Measuring the worth of a teacher?
L.A. Unified School District’s Academic Growth Over Time measurement system, based on students’ progress on standardized tests, spurs debate over fairness, accuracy.
How to measure the worth of Los Angeles math teacher Kyle Hunsberger?
The teacher at Johnnie Cochran Jr. Middle School works 60-hour weeks, constantly searches for new teaching ideas and makes every minute count in class. During a fast-paced review of square roots and perfect numbers, he punctuated explanations with jokes, questioned his students to check their understanding and engaged them in group work.
His principal, Scott Schmerelson, praises him as a leader who heads the math department and started a campus program to give struggling students extra help.
Some of his students say he’s the best math teacher they’ve ever had — a caring, funny mentor who explains well, pushes on homework and most of all believes in them.
“He always tells us nothing will stop us from learning and nothing will stop him from teaching us,” said Edwin Perez, a gregarious 12-year-old, as three of his classmates nodded.
Yet, according to a key measure of teacher effectiveness used by the Los Angeles Unified School District, Hunsberger is average.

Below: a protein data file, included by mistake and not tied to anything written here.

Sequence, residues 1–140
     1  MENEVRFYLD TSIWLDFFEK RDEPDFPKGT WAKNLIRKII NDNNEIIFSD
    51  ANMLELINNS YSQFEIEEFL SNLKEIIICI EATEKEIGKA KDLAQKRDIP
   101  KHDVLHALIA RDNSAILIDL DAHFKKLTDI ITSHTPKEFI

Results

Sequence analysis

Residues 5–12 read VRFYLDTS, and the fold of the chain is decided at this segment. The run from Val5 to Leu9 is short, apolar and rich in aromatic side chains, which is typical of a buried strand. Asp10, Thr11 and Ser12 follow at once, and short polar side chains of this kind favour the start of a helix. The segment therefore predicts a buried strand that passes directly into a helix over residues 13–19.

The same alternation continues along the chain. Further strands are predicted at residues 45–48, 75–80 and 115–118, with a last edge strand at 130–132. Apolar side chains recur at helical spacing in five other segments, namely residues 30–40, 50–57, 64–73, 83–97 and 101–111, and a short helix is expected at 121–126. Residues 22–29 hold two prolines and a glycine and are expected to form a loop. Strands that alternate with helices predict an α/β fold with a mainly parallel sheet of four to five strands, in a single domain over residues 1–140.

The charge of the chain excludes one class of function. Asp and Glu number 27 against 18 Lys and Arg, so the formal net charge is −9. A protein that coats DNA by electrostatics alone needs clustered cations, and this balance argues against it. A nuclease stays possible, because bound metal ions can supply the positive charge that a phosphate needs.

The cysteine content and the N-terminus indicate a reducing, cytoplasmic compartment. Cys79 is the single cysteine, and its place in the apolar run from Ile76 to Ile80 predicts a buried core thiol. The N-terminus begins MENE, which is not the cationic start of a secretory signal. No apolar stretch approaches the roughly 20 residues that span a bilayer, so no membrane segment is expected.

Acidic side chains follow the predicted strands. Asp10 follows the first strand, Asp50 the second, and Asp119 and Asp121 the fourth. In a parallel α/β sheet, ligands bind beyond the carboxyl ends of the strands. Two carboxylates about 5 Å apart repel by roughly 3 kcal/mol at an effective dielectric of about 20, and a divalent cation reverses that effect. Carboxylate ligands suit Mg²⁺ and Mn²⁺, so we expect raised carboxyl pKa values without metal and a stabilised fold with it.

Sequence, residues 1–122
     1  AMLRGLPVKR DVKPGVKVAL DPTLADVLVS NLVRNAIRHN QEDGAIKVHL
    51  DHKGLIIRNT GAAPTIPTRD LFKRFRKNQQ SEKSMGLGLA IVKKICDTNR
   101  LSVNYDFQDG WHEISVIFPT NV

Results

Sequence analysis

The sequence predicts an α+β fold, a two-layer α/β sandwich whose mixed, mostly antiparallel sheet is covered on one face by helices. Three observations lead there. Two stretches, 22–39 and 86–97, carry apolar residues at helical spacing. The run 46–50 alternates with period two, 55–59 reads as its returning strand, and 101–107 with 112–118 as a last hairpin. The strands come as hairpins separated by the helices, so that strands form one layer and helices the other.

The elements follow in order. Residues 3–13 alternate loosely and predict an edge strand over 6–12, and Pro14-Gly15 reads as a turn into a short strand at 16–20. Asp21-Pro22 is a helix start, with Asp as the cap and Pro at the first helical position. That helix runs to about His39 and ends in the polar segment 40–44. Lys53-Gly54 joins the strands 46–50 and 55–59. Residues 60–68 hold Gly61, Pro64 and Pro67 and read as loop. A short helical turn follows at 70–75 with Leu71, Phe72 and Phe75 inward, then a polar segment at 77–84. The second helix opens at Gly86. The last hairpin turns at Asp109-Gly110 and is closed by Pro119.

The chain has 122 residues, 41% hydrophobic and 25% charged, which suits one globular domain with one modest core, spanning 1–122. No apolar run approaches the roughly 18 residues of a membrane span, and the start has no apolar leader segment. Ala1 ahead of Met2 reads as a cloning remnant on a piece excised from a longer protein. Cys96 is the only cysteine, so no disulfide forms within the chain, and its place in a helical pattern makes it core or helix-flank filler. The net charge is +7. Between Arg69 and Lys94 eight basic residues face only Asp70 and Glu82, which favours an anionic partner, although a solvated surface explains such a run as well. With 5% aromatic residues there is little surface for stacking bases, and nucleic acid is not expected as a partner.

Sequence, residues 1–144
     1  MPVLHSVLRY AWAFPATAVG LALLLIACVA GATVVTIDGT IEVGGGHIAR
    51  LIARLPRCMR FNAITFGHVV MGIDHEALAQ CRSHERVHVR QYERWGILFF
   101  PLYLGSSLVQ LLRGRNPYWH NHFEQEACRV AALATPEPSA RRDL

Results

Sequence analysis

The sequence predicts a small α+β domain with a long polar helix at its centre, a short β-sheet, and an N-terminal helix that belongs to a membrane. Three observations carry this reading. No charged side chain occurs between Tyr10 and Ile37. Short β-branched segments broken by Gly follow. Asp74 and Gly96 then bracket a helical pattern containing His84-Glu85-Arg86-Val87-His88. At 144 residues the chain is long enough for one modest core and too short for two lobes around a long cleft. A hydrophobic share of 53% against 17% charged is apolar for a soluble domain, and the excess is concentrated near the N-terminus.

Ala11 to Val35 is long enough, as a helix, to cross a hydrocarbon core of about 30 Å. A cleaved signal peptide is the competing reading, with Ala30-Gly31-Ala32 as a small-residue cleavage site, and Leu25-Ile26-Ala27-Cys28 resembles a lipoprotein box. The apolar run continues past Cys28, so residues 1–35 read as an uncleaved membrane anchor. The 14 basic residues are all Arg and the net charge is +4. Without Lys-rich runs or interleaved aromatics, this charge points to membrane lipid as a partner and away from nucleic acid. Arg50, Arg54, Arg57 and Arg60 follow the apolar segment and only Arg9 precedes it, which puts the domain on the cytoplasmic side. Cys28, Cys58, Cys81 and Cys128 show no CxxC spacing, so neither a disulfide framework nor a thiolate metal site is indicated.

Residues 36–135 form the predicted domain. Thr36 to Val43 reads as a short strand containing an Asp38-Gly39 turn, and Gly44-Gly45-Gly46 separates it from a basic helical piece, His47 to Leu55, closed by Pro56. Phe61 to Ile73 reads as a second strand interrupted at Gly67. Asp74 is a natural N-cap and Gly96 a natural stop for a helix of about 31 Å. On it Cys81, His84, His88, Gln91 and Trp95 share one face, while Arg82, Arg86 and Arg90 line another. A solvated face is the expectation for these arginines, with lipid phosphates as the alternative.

Two years ago, he said, he was rated above average. Then last year his ratings fell. He doesn’t know what changed and there’s nothing in his scores that will tell him.
The rating “didn’t tell me anything about how I can get better at teaching [weaker] students,” Hunsberger said. “The truth is, I don’t know and I would love to know.”
Hunsberger isn’t the only instructor questioning the results of the Los Angeles school system’s new approach to measuring teacher effectiveness. Academic Growth Over Time, as the district calls it, is based on students’ progress on standardized test scores. The method estimates how much teachers added to — or subtracted from — their students’ academic performance.
Whether it is a fair, accurate and useful assessment of educators is a heated issue in the nation’s second-largest school system. L.A. Unified is under court order to use test scores in teachers’ reviews by December, and officials are in negotiations with the teachers union.
United Teachers Los Angeles bitterly opposes the ratings as too unreliable for use in firing, tenure and other high-stakes decisions.
School districts in more than half the states have added students’ test scores along with other factors to their teacher reviews, a direction promoted by the Obama administration.
L.A. Unified began giving teachers their scores two years ago for informational purposes only.
But it is now pushing to use it in a new teacher-evaluation system, along with classroom observations, student and parent feedback and contributions to the school. About 700 teachers and administrators from 100 schools volunteered to test the new observation portion last year.
That will give teachers like Hunsberger specific information about where to improve and how.